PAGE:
+44 (0) 1608 676821
Top Gear top sights

Top Gear Myanmar

Karina Moreton leads the film logistics arm of Panoramic Journeys and is delighted that it is at last possible to film in Burma, and that Top Gear showcased so much that we love about that spectacular country with all its idiosyncrasies and splendour. Jeremy, Richard and James had to drive across its heart before building a bridge over the River Kwai.

It isn’t actually in Burma – did you know that? We’ve had lots of calls and emails since the program, from people asking all sorts of questions – so we thought we’d try to answer here all the queries that the program has thrown up. (By the way, in case you were wondering, the River Kwai is in Thailand).

What is the big golden temple we can see over Rangoon?

At the beginning of the show, Jeremy, Richard and James meet at the People’s Park and Square in Rangoon and in the background is a very impressive golden stupa. That is the Schwedagon Pagoda and, at 325 ft, it dominates the city’s skyline. Built about 2,500 years ago to enshrine Buddha’s hair and other relics, it is decorated with thousands of gold plates and diamonds.

Rangoon looks crazy! What’s that all about?

Downtown Rangoon, or Yangon as it is now known, is a colourful, vibrant, chaotic place as you can see in the program. We think this is part of its charm! There is a fascinating blend of the old and the new, beautiful old colonial buildings rub shoulders with newer high-rise apartments, commercial offices and religious structures. The wide leafy avenues bustle with the unruly traffic and wandering pedestrians, markets or zei selling herbs, textiles, fruit and vegetables, roadside cafe’s and pavement stalls offering mouth-water street food, jewellery and handicrafts.

Tell me about the memorial to the fallen soldiers who built the Burmese railway?

The Top Gear team visit Taukkyan Allied War Cemetery on the outskirts of Yangon. The memorial pillars, known as the Rangoon Memorial, are inscribed with the names of 27, 000 Allied soldiers who died in Burma during World War 2, but have no known graves. The cemetery also holds the graves of 6,374 soldiers who died in World War 2, 52 soldiers who died in World war 1, and 867 graves of the remains of unidentified Allied soldiers.  It is a sobering but immensely peaceful place.

Why has everyone got white paint on their faces?

The white paint is actually thanaka, a paste made from ground bark. Used as a cosmetic by Burmese women for over 2,000 years, it is believed to ease certain skin conditions as it has anti-fungal properties and also acts as a sunscreen. It is applied to the face and sometimes arms in pretty designs, is often seen on children and occasionally men.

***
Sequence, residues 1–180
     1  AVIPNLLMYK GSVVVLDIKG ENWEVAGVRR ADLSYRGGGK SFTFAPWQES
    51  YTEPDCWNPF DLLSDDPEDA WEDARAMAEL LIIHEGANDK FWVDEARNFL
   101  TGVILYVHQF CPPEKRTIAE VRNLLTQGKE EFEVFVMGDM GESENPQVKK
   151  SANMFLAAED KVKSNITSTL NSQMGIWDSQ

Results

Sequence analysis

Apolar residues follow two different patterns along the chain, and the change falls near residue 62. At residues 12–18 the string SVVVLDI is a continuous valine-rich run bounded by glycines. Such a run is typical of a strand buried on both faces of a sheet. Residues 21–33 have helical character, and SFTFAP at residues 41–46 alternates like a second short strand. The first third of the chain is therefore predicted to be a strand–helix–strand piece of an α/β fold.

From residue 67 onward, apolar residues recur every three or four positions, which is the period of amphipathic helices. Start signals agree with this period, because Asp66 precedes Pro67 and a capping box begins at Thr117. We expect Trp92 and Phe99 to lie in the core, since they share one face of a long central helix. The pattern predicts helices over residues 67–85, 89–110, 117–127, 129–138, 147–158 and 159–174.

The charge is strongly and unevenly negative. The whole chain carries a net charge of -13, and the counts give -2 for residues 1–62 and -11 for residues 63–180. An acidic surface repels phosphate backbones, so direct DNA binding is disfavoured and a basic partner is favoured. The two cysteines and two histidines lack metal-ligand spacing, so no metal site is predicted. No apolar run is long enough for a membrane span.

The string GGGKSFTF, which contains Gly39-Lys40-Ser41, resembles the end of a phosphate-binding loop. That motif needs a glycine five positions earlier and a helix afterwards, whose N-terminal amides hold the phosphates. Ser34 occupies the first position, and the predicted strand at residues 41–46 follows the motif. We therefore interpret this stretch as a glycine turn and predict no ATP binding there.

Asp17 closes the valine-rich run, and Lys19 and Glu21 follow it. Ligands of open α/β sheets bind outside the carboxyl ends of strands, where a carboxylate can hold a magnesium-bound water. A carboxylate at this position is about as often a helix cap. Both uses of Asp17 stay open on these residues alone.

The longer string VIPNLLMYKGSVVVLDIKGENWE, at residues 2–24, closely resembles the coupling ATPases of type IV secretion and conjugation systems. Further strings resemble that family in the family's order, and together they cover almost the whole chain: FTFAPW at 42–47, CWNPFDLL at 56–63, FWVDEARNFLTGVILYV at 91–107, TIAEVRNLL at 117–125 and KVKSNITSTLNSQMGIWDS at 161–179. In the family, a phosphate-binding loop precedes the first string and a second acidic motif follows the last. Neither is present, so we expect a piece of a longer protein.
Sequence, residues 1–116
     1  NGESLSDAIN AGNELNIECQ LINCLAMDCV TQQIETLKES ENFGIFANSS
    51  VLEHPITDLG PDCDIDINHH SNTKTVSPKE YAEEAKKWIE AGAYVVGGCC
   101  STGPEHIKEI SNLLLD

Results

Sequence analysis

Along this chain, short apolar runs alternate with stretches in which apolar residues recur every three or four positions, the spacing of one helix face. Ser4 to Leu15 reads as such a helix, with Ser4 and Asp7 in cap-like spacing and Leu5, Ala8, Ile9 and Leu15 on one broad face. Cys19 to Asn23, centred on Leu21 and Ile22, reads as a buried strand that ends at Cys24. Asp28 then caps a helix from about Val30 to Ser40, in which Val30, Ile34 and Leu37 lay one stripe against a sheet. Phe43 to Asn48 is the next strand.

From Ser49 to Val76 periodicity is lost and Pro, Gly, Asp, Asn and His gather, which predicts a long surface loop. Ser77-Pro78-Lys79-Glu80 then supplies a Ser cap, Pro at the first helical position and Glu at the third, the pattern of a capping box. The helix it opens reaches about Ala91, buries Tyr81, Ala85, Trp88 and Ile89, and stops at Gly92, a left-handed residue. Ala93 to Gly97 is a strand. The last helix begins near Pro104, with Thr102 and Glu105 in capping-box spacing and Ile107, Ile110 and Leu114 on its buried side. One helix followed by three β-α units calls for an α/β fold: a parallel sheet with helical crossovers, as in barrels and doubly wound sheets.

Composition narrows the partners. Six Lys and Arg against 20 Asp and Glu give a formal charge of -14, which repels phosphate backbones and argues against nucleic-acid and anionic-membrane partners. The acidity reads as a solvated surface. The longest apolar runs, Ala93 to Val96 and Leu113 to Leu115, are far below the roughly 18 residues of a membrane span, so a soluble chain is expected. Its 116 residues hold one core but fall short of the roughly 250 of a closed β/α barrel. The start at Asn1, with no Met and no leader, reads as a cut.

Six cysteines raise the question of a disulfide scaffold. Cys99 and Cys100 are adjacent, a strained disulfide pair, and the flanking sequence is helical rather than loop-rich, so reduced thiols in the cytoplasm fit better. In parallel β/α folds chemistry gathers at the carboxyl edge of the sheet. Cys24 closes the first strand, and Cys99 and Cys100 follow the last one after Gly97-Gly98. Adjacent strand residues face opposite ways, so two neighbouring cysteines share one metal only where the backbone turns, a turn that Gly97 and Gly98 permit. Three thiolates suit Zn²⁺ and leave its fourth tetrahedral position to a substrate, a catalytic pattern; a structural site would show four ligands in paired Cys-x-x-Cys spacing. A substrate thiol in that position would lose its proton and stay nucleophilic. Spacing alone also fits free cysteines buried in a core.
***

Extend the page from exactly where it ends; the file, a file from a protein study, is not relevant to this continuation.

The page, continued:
So Burma is obviously a Buddhist country?

Yes, it is practised by about 90% of the country’s population and has the highest proportion of monks in the population of any Buddhist nation, numbering about half a million. The culture of Burma is synonymous with the religion and the yearly calendar incorporates may Buddhist festivals. There are countless pagodas or stupas, evident in every village and city and across the countryside too, normally richly decorated and gilded.  The plains of Bagan are particularly memorable for the 2,200 pagodas which stud the region – the surviving structures of the 10,000 pagodas, temples and monasteries that were built there between the 11th and 13th centuries. Not for nothing is Burma known as the Land of the Golden Pagodas.

It looks like it rains a lot!

The program was filmed in October at the end of the monsoon season, which starts around May/June time. The best time to visit Burma is from November through to February, when it does not rain as much and the heat is less intense. The hot season is from March to May when temperatures in Yangon can reach 40 degrees although it can be even hotter in Bagan and Mandalay.

What on earth is the deal with that deserted city?

The deserted city that the presenters visit is called Naypyidaw and is the new capital of Burma. The move away from the historic capital of Yangon (formerly known as Rangoon) began in 2005 when administration was transferred to newly erected government offices. Grand buildings followed and all of a great city’s infrastructure, which includes a 20 lane highway – where Jeremy, Richard and James play football and race their trucks in the shadow of the Parliament building with the help of a friendly Burmese policeman. The city is apparently the 10th fastest growing city in the world and is already divided into administrative, military, residential and recreational zones. As James May observes, it is a city built entirely in anticipation of the future…

If the Top Gear Christmas Special from Burma has inspired you to visit the Land of the Golden Pagodas take a look at the trips to Burma we offer. We can promise you great hotels (including the one featured in the program, a genteel English colonial style place in Kalaw), and horse riding (with well-behaved mounts and helmets), delicious food, fascinating culture, and mind-blowing scenery. Not only can we take you to many of the places you’ve seen in the program, but we’ll take you off the beaten track to unspoilt locations and remote villages. Trek across varied terrain, paddy fields, orchards and tea plantations, rucked-up mountain ridges and plunging ravines. As Jeremy Clarkson says, Burma is really God’s Garden.


Speak to James our Travel Designer

Whether it's to ask a quick question or to start planning the journey of a lifetime, we'd love to hear from you.

Call us on +44 (0) 1608 676821

Or Drop Us A Line

Speak to James our Travel Designer

Speak to James our Travel Designer

Whether it's to ask a quick question or to start planning the journey of a lifetime, we'd love to hear from you.

Security code